Russia’s obsession with securing a warm-water port changed the history of Central Asia

16 June 2018

9:00 AM

16 June 2018

9:00 AM

In the 13th century, having overrun and terrorised Europe as far as Budapest, and in the process possibly bringing with them the flea which caused the Black Death, the heirs to Genghis Khan and the Golden Horde had also conquered territory to the east as far as the Korean peninsular.

The assiduous Swiss scholar and explorer Christoph Baumer chronicles the ensuing sagas of the remaining individual khanates in great detail. But by the 16th century it is clear that although a few pockets still flourished, producing impressive buildings and works of art, these erstwhile mighty nomadic clans had sunk to a point where they had disappeared from the consciousness of the outside world. Even their devastating expertise as equestrian bowmen had diminished under the overwhelming technology of firearms and cannon.

This decline changes in the late 16th century, when Russia’s territorial ambitions expanded, motivated partly by its Romanov tsars’ quest to acquire a safe warm-water port — a desire still relevant in Syria and the Horn of Africa today — but primarily by sheer greed. Trappers and hunters began a concentrated move eastwards into Siberia, lured by ‘soft gold’, the skins of the sable, ermine, black fox and marten. Once these wild animals were wiped out, the trappers moved into new territory and then turned south-east towards Central Asia. Cossack soldiers, attracted by the prospect of rich agricultural holdings, followed the hunters.

The Manchurians (from China) became greatly disturbed, and demanded that the Cossacks’ fortresses be destroyed. Conflict ensued and Central Asia became, for the first time, a scene of armed conflict between two non-Central Asian great powers. Great Britain too, which after the defeat of the French by Nelson at Aboukir and Trafalgar had become the world’s paramount maritime power, was worried about the Russian search for a warm-water port. But the expansion by Russia into Central Asia caused far greater concern when their push extended south towards British India.

This was the start of the Great Game, and it is here that Baumer really gets into his stride. His canvas is huge, even embracing Afghanistan and Britain’s and Russia’s travails and defeats in that age-old deathtrap for foreigners. As ever with this series, there are magnificent photographs, maps and prints, and while the machinations of the Great Game are not covered in the same detail as by Peter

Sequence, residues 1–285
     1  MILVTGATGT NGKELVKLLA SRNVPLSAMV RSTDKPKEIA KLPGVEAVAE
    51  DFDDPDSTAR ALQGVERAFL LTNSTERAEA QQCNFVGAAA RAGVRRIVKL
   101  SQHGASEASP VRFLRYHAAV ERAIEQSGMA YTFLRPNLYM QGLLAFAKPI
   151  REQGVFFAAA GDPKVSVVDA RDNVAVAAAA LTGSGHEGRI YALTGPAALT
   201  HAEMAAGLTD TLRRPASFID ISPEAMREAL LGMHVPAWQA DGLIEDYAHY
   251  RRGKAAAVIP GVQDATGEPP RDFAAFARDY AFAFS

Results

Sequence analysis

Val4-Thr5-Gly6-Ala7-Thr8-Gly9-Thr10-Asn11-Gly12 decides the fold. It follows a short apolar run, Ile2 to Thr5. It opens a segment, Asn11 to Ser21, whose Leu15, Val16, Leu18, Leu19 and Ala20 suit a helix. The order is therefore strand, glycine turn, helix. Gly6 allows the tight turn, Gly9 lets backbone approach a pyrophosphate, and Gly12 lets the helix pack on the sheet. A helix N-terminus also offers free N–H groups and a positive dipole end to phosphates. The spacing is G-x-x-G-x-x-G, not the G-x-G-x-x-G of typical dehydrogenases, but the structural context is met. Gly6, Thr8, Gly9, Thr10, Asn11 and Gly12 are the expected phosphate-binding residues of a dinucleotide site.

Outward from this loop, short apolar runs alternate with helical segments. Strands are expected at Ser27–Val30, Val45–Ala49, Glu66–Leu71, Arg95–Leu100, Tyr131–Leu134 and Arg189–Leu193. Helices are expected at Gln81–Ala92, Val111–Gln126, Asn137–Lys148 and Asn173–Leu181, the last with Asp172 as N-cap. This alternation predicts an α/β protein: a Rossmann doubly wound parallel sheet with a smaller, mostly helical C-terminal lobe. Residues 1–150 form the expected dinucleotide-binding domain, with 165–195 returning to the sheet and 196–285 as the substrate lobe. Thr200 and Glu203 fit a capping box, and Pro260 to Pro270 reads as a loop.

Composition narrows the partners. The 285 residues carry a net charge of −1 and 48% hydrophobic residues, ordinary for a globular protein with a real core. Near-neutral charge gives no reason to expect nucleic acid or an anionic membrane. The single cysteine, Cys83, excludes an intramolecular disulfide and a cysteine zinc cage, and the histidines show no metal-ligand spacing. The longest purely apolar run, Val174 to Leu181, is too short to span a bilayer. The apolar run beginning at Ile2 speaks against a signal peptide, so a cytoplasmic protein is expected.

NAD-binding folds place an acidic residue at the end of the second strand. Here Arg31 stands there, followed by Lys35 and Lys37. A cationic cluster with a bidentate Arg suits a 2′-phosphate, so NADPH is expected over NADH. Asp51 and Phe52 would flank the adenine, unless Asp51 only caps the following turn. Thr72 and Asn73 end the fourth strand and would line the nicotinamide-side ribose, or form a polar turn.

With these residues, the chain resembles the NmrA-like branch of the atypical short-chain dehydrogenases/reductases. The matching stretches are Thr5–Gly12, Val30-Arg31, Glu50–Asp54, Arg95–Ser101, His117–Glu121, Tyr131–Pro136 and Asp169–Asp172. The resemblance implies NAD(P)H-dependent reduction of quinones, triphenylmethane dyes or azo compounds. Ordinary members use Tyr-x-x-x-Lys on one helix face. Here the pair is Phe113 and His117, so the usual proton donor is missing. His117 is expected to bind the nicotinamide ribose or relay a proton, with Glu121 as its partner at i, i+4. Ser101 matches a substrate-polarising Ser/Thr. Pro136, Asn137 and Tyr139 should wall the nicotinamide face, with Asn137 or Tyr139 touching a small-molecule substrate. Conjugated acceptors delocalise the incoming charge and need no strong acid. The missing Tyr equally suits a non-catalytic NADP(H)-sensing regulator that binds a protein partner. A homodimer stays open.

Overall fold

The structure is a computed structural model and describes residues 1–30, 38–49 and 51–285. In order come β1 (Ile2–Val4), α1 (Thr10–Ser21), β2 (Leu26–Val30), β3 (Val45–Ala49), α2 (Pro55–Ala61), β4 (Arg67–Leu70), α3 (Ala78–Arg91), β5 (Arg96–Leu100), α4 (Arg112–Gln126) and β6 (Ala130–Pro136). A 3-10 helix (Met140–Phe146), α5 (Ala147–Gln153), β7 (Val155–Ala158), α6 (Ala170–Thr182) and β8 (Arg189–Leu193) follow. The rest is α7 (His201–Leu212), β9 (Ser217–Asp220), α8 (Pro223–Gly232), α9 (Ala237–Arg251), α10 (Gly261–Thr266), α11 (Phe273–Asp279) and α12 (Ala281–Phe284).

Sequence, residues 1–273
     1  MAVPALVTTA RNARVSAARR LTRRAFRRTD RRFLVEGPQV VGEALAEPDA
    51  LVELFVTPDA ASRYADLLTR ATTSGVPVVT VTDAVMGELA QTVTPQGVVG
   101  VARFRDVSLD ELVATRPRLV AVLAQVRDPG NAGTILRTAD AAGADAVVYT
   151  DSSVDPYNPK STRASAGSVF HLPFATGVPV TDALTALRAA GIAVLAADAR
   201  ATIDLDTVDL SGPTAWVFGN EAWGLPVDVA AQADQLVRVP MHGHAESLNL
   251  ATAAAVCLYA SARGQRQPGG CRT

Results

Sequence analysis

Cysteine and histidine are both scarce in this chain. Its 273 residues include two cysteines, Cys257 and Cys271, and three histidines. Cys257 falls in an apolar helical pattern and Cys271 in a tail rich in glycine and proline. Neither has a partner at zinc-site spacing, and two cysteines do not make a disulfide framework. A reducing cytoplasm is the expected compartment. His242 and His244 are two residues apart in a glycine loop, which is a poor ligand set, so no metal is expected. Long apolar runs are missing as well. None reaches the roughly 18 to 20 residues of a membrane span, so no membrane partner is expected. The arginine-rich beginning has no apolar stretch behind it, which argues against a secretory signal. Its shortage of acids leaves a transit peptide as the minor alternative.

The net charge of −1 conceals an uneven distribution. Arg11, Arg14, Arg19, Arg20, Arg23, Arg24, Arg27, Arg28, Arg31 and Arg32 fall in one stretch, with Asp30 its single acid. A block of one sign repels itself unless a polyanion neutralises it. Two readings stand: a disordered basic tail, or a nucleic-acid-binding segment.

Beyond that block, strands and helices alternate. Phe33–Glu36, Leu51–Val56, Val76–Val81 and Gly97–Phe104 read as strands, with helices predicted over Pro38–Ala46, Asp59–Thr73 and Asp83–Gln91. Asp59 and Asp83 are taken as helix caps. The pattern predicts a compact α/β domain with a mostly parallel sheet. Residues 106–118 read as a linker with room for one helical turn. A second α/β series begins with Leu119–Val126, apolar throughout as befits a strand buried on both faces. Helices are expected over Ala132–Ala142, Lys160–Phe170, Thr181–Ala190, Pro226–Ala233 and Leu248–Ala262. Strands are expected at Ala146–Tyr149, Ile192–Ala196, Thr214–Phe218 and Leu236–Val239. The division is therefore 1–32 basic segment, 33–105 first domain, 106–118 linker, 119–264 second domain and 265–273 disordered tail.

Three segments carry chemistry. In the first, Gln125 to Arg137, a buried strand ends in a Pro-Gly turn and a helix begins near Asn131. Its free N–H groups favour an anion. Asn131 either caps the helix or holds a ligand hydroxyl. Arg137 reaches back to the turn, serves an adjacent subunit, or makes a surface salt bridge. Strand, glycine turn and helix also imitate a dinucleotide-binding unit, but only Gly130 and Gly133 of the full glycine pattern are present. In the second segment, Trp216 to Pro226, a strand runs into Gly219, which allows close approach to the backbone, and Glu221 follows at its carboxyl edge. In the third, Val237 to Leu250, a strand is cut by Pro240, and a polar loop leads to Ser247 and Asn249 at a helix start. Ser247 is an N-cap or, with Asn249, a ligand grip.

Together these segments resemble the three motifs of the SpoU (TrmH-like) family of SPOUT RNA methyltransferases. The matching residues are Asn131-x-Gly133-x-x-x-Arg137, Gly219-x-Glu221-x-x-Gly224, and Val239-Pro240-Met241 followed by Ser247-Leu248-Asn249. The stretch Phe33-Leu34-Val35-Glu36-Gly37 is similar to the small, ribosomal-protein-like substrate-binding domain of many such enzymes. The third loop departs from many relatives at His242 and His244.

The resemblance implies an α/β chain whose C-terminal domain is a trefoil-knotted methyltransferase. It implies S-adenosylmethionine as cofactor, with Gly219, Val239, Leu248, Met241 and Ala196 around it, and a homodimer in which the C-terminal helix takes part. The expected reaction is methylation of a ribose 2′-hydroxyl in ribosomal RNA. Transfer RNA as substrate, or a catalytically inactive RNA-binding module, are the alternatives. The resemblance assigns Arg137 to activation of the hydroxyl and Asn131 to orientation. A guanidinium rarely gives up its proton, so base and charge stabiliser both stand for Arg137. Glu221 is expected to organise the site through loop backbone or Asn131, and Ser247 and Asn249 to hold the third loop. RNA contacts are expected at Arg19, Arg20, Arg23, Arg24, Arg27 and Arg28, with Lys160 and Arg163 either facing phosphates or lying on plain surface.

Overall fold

Hopkirk — who could better his account? — Baumer’s exciting narrative is meticulously backed by hard facts.

The courtyard of the Kalyan Mosque in Bukhara, Uzbekistan, completed in 1514. A mulberry tree stands in the middle. (From The History of Central Asia)The courtyard of the Kalyan Mosque in Bukhara, Uzbekistan, completed in 1514. A mulberry tree stands in the middle. (From The History of Central Asia)

After 1917, most of Central Asia disappeared behind the Iron Curtain. I wish the author had given more space to Baron Roman von Ungern-Sternberg, the ‘mad baron’ who, as a White Russian, conquered Mongolia with a cavalry army and ruled that country from 1919 for almost two years before the Reds shot him and took over Outer Mongolia in the 1920s. This psychotic, violently anti-Semitic scion of an ancient Teutonic aristocratic family, killed people at whim, but was worshipped as a god by the Mongols after he defeated a Chinese warlord intent on acquiring huge chunks of their country. Yet during Sternberg’s reign of terror he introduced tarred roads and electricity to Mongolia. It can be argued that, had it not been for him, Outer Mongolia would have come under the sphere of influence of China.

‘We are the filling in a sandwich,’ I was told by a Mongolian foreign minister. ‘Russia and China are the bread on the outside. Both are bad for us, but if we have to choose, we will always choose Russia.’

In the late 1930s, Stalin destroyed over 800 of Mongolia’s monasteries and, Baumer states, ‘94,000 monks were displaced to the laity’. Unfortunately, a huge percentage of those 94,000 monks were dispatched to their maker. On Stalin’s direct orders they were lined up and shot on a quota system. Hardly a family in Mongolia was untouched by this horrendous slaughter — yet still the foreign minister preferred Russia.

At the same time, further south in Xinjiang, China, Ma Zhongying, a brilliant young Muslim Chinese general, fought to avenge Han Chinese slights against Islam and to keep out the Russians. Making incredible journeys on his grey stallion across the waterless Gobi, he nearly seized power (and did seize the Swedish explorer Sven Hedin).

Later, in the early 1940s, Kazakhs migrated across the Gobi in an attempt to reach Lhasa with their flocks and escape the conflict between the Communists and the Kuomintang. Some of the old men who undertook this journey explained to me how they had taught their horses and camels to eat flesh in areas where there was no vegetation whatsoever.

This book brings us up to the present day — Donald Trump even gets a mention in the index — and the emergence of the newly independent ‘stans’ and their growing influence and economic power acquired through mineral wealth. It brings to a triumphant conclusion Baumer’s majestic History of Central Asia. I cannot see how this four-volume series can ever be bettered.

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